Common Muskrat

Common Muskrat

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(Ondatra zibethicus). Patient Number 24-27.

Date of admission: Feb 16, 2024.
Reason for admission: Displaced.

Patient History:

Muskrats can be found across Canada and the United States and as far south as northern Mexico. Muskrats are adapted to aquatic habitats and can be found in all wetlands and waterways except for the alpine region of Alberta. They are most active during the dawn and dusk hours. When swimming, it can be difficult to distinguish a muskrat from a beaver. Adult muskrats generally weigh 1.5 kilograms whereas adult beavers can weigh as much as 30 kilograms. A muskrat’s tail can also distinguish it from a beaver; muskrats have long, narrow tails as opposed to the large, flattened tails of beavers. Additionally, unlike the beaver, their larger hind feet are not webbed but rather have a fringe of specialized hairs along each side, giving the foot a paddle-like effect. They have small ears which are often hidden amongst their thick fur, and their four front teeth can grow to about 2 cm long. An interesting adaptation of the muskrat is their ability to chew on stems and roots underwater with their mouth closed. Their teeth protrude ahead of the cheeks, with their lips closing their mouth behind the teeth and allowing them to chew successfully underwater. Muskrats will thrive on bulrushes, horsetails, or pondweeds, along with willows. They are also known to be carnivores and will consume the occasional fish, frog, and clam when other food is scarce.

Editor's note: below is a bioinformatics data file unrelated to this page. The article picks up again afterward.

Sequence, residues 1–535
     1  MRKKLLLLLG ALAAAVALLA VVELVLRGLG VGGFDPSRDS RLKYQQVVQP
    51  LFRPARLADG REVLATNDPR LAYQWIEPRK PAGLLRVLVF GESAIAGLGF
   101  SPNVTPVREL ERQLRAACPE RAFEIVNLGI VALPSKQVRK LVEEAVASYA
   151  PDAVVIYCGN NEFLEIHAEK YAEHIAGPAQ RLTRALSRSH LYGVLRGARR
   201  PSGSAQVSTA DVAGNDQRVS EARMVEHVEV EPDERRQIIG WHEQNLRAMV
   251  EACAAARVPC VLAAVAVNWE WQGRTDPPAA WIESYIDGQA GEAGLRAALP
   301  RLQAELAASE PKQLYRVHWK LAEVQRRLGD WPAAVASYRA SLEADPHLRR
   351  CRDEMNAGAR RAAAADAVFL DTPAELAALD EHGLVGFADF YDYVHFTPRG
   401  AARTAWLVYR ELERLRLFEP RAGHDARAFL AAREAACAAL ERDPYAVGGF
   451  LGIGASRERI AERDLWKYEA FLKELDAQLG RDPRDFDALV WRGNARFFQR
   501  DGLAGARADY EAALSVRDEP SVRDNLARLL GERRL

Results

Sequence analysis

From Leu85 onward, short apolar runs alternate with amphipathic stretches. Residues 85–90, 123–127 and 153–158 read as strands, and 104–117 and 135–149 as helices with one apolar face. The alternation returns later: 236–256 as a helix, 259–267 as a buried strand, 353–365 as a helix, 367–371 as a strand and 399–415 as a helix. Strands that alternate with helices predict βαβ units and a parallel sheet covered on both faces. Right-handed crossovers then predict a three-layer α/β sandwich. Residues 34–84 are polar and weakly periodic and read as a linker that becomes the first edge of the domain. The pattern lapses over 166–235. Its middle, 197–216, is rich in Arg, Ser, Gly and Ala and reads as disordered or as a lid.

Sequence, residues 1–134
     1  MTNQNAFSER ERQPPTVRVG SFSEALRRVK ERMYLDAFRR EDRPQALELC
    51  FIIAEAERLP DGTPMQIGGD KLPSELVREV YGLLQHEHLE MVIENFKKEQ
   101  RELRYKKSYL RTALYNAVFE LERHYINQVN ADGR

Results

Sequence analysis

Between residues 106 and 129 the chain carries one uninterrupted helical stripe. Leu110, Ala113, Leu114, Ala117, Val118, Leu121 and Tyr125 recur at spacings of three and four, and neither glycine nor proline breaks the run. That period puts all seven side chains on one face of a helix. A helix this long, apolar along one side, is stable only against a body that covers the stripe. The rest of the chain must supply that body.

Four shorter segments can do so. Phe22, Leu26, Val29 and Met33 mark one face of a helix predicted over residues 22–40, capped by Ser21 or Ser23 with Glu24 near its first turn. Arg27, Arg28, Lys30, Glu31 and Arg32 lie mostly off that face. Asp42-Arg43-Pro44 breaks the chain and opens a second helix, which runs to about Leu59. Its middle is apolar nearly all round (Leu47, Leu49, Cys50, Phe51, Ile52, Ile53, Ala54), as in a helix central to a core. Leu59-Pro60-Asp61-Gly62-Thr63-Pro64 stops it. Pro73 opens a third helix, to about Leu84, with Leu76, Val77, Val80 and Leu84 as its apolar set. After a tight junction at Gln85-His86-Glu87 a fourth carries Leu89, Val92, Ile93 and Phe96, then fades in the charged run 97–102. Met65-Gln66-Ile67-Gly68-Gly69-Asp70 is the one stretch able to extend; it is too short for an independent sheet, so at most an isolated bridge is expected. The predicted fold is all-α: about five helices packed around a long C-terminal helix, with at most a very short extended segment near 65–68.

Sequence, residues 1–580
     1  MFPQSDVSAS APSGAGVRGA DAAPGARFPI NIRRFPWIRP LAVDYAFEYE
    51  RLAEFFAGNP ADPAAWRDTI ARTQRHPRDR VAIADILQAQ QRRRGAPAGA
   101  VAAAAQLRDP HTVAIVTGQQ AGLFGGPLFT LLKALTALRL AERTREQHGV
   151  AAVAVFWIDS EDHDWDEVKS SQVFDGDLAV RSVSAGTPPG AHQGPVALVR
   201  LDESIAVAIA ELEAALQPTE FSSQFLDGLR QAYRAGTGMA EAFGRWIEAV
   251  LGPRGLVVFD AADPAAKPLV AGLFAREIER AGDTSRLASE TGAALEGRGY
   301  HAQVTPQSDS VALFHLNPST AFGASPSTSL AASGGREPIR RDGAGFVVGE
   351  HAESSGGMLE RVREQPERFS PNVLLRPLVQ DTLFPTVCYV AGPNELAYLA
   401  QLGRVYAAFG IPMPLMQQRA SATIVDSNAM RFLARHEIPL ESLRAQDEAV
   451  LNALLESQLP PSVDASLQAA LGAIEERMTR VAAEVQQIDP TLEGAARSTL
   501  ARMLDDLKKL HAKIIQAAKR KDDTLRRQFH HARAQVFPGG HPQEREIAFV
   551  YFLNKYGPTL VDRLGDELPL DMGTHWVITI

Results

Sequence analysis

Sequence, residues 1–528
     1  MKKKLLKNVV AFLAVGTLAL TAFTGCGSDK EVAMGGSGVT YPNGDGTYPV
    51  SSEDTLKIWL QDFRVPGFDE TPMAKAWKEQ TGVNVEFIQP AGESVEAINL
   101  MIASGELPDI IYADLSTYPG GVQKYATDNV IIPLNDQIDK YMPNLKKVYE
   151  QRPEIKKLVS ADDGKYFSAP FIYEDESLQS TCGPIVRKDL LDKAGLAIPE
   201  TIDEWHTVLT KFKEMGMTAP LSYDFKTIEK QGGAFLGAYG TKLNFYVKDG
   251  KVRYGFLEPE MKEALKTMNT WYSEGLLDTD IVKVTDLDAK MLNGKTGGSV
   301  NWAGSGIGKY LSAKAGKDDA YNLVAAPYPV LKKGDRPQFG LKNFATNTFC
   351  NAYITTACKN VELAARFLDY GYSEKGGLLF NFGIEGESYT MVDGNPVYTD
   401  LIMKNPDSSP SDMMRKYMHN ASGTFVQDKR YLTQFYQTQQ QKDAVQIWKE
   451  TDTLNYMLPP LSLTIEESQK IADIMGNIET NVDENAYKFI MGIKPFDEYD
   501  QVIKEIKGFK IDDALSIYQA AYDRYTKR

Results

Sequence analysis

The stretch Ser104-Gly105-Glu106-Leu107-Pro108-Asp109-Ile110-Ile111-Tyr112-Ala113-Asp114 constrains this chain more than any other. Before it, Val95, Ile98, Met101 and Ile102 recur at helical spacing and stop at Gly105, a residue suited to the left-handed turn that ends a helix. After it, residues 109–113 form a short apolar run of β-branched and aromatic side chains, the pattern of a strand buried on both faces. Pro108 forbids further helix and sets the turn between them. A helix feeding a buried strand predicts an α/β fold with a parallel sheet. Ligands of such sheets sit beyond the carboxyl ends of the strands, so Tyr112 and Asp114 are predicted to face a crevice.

During the fall muskrats will build a lodge by heaping plant material and mud to form a mound. These act as burrows and also provide access to water throughout the winter. These will often appear as small mounds of dirt in the middle of a frozen pond but are an indication of muskrat habitation. The mating season typically occurs after the first melt, and females often produce their first litter of 8-10 offspring a month after conception. The same female can have multiple litters a summer, often resulting in one a month, the last in August. The young are born blind, hairless, and almost completely helpless, but they grow at a rapid pace. They are fully furred after the first week, with their eyes opening by the second week. They are also weaned by three weeks old and are essentially independent at around six weeks.

This juvenile muskrat was rescued after being found alone, and quite far from water. Upon arrival, our clinic team was able to assess that he was clinically healthy, apart from being dehydrated as well as displaced. He will remain at AIWC until spring when he can safely be re-introduced back into a suitable habitat.